How to Give a Good Public Reading (and Other Metaphors)
Guess what? In 2016, I adapted some of this info to create a more compelling resource for my readers. It’s now in a free PDF format titled How to Have Conversations You Care About. Download the PDF here–that’s free. Interested in going deeper? This hour-long webinar explores how to have conversations you care about, connecting what brings you joy with effective and genuine marketing content that makes an impact. At your service–for just $11.
This time of year, as spring already bends toward summer and branches puff and stretch with each and every day, the metaphor of “clearing a space” keeps coming to mind. I spent several mornings this week physically clearing the perimeter of the Airstream land on Raccoon Ridge–sawing high branches that will sag in summertime and touch the roof, lopping saplings that shade out grasses, weeding and seeding my “lawn,” cleaning the water bars, and deep cleaning the inside of the Airstream to make a space for any summertime guests. It might not look like much, but above is the “after” shot featuring more open space and a tidier outdoor experience. Next week, I borrow the neighbor’s weed whacker.
(Oh, and what the heck–why not? Here’s the same space December 2011, when I bought the Airstream. Yes, I own it now–free and clear and paid for all $2700 of it. See how far we’ve come?!) Here it is:
Part of the impetus for getting this work done now is that I’ll be taking off for the first leg of my book tour in three weeks, which also coincides with teaching at Interlochen and attending two weddings. I think my amazing book tour manager has something like 15 events planned for me already, which are currently linked on the left sidebar of this blog. (Anyone know of a good calendar widgit? I’m running out of sidebar space.) If the branches get overgrown or the water bars clog, I won’t be here to fix them. My parents can check in, but they won’t always be here either.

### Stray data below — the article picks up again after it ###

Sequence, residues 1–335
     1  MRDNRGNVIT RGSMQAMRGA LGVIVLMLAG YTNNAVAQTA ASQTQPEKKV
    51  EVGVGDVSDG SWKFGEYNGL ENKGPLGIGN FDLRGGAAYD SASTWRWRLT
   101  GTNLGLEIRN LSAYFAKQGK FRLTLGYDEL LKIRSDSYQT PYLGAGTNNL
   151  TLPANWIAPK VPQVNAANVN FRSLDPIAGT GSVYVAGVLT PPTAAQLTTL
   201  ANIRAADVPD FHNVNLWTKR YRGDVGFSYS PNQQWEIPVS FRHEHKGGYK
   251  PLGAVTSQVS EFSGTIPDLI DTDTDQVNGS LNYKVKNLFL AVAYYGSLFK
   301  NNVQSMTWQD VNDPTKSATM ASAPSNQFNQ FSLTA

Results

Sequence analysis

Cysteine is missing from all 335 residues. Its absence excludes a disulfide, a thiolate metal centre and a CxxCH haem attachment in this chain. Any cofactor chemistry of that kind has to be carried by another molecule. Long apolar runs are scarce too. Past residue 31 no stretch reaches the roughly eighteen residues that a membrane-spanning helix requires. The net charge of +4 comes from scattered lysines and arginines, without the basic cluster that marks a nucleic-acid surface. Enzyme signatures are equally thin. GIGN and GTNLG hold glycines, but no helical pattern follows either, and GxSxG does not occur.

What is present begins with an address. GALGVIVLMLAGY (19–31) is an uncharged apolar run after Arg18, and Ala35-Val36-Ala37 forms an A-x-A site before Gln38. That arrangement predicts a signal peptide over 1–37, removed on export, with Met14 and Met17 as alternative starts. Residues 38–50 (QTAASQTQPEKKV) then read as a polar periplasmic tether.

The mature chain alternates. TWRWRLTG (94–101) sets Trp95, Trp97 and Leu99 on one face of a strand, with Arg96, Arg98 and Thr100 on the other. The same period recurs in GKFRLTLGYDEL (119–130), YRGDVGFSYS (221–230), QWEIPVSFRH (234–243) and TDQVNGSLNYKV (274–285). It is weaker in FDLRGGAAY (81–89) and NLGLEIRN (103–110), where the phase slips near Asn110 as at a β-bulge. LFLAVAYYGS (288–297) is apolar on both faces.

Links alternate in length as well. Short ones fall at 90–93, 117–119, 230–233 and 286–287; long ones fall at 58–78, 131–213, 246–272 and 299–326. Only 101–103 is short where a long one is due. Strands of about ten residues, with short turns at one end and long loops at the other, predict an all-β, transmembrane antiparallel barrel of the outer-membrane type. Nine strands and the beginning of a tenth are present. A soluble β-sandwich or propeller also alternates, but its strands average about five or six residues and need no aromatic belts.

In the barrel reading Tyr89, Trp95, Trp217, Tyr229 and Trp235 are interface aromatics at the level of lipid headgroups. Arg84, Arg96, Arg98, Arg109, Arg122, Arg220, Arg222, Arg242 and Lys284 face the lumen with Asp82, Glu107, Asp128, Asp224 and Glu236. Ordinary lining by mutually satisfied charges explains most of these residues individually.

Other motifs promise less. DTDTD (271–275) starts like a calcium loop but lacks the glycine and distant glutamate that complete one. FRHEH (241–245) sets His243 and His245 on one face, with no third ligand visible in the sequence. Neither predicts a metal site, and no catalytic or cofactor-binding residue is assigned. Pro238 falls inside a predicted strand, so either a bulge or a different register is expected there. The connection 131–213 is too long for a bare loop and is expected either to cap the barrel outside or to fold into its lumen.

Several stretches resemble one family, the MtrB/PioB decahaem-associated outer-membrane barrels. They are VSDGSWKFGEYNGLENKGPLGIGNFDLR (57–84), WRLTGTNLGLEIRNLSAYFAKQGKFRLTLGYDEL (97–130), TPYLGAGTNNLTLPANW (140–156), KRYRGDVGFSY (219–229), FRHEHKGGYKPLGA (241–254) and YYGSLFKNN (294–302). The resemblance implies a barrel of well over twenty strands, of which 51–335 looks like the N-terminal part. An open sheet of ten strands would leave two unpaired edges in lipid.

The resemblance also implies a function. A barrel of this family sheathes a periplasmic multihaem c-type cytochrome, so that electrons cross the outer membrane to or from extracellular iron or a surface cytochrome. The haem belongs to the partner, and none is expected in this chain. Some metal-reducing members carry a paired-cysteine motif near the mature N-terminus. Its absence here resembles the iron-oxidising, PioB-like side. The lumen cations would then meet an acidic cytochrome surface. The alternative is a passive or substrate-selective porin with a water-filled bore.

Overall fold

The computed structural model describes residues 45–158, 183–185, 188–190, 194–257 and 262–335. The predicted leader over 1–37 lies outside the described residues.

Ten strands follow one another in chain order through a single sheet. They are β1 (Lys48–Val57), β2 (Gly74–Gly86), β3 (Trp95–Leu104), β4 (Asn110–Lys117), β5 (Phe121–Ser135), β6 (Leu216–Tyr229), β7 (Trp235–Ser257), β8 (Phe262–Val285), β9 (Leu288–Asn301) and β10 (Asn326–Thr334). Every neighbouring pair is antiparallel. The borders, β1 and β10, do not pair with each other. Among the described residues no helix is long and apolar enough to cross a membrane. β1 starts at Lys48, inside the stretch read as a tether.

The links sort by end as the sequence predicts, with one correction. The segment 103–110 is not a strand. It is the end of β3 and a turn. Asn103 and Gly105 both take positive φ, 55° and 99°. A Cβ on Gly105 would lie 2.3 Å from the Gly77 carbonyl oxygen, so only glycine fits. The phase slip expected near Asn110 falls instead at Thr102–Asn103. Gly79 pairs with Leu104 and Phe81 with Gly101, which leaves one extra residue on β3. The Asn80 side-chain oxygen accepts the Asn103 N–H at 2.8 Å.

I’ve done plenty of public readings before, but never so many in such a short period of time and certainly not any that involved the actual sale of a real, published book (!!!). It’s an exciting time…but I have to be careful to balance that excitement with practicality. To give a good public reading, I have to be in a certain kind of “space,” as they say. I need to be confident yet tender, present yet anticipatory. For me this means a few practical, essential things: dress nicely but feel comfortable in your attire, arrive early but not early enough to get nervous, say “thank you” and remember to smile, connect with the audience through eye contact and very brief anecdotes about the work.
But to sustain this over a period of months, more is in order. As I’m creating space on the land around the Airstream, I need to create space in my psyche (and also my schedule!) so that I can be my best self for the public readings. I’ve never done a book tour before, but something tells me that to repeatedly be in front of an audience and be 200% present and 200% vulnerable and expressive could take a lot out of a person. Hopefully it will also be fulfilling…In the meantime, I plan on clearing mental space by meditating more frequently, reading books (which is relaxing), and spending time outdoors. At times that feels lavish or selfish. Other times, I know I won’t be able fit these things in. But for the most part, my gut tells me that attending to these details right now will pay off when I hit the road (again).
I can read slow enough. I can enunciate. I can drink water without dribbling at the podium and I can create Facebook event invites and look up bookstore locations on Google Maps. It’s that deeper, quieter work I’m talking about here. The kind that creates space. Just as clearing the branches will let my little grass seedlings grow, so too clearing a mental space will let my best self grow. In the end, that should make a few moments here and there better for everyone, right? I like to think so.
Katey, you’ll do a lovely job! Have fun and be safe!
And I think it’s grand that you remind us to sk those who attend what they are reading/writing. Great way to grow and flourish. 🙂
Be sure to keep a journal of seedlings you find sprouting along the way.
Best of luck.